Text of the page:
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First Thunders (Return to Balance)

posted Mar 15, 2011, 10:19 AM by Brett Ramey   [ updated Sep 21, 2011, 8:42 AM ]

The First Thunders arrived at the Wakarusa Wetlands last week.  The rain that followed sent thousands of red-winged blackbirds diving into the cattails to join the frogs and their proud springtime songs. Our elders say,
the Thunders signal the advent of the Native New Year.  In traditional times, the Sacred Bundle Creation Ceremonials were initiated to recall and renew our relationship to the whole of earth, nature and the heavens.

For some Ioways the arrival of the First Thunders mean it’s time to be on the lookout for willows to renew our lodge.  For me personally it’s also a time to recall the blessings and teachings of the previous year and renew a commitment to continue relearning how to carry out balanced interactions with all my relations- a traditional value and necessity for land-based people that is often easier said than done. It is also almost time to harvest nettles, morels, and await the arrival of the monarch butterflies on their seasonal migration through the wetlands. 

The Wakarusa Wetlands (or Haskell-Baker Wetlands) in Lawrence, Kansas have long been a place of prayer, refuge, and resistance.  At a recent event in Lawrence, Haskell professor Dr. Dan Wildcat told a story of how the Kaw people (pre-contact) would stand in the wetlands and shout gratitude every morning, mid-day and evening.  In the late 1800’s through the mid-1900’s the wetlands served as a place of prayer and refuge for children attending Haskell during it’s heyday as one of the primary Federal assimilation boarding schools.  Today the wetlands still serve as an outdoor “classroom” where Haskell (now a 4-year university) students and community members learn traditional uses of plants as food and medicine. The Wetlands are also the Lawrence, Kansas version of an ongoing battle to protect sacred sites around the world.

For the past 25 years the wetlands have been in the path of a proposed South Lawrence Trafficway, a six to eight lane highway that would skirt the south end of Lawrence.  On the surface it is the same age-old debate between "progress” and "stagnation".  But beneath the surface the wetlands case, like many other sacred site conflicts, is not just about opposing views of how a particular piece of land should be developed (or not), it is about differing ideas of how people relate to the land itself.  Which is arguably a reflection of how we relate to all beings- plant, animal, and human alike.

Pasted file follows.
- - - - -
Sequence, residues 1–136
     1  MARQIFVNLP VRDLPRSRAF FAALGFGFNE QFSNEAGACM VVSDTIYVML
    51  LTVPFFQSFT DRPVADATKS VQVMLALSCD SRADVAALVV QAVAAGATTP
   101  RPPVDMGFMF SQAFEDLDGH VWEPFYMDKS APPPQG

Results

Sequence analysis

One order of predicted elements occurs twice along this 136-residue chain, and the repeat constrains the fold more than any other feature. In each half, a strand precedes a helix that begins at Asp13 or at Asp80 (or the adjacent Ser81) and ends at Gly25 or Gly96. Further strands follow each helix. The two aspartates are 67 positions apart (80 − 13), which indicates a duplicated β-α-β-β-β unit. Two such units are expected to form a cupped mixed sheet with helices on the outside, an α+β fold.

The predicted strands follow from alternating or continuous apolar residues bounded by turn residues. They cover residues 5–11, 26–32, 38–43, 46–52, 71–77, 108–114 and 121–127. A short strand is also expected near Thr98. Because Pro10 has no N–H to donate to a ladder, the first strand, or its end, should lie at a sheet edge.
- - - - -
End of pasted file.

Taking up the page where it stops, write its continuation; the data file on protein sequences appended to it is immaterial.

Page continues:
In June of 2004 I was on an annual trip with the Indigenous Youth Experience Council (IYEC) , a group of youth and elders from
several tribes throughout the US and Greenland.  The trips were organized to connect young men with spiritual leaders and traditional teachings through week-long outings on different tribal nations and traditional territories.   This particular trip took us to the Navajo Nation and the nearby border town of Flagstaff, Arizona. 
After spending a few days in Pinon (Navajo Nation) we went to Flagstaff to meet with the US Forest Service about a proposed ski-area expansion on the San Francisco

Peaks- the 12,500 ft. mountain that lives just a few miles north of Flagstaff and creates the western-most boundary of traditional Navajo territory.  In addition to being traditional hunting and foraging grounds for tribes in the region it sits at the top of the watershed and has, like the Wakarusa Wetlands, been a place of prayer, refuge, and resistance for generations.  The proposed expansion would clear cut an additional 76 acres of rare alpine forest and would use 100% reclaimed wastewater (sold to the resort by the City of Flagstaff) to make fake “snow”. (see Slideshow)

We met with the Forest Service with the mutual understanding that the elder’s messages would not be constrained by walls,   podiums, or time limits.  Instead we would meet outside within view of the mountain and each of the elders would speak for as long as they needed to share their message.  They were there to share that although many of us were not from the 13 tribes listed on their Environmental Impact Statement (EIS), as inhabitants of this planet we will all be effected by the proposed resort expansion.  The impacts of imbalanced relationships don’t acknowledge watershed maps or political boundaries.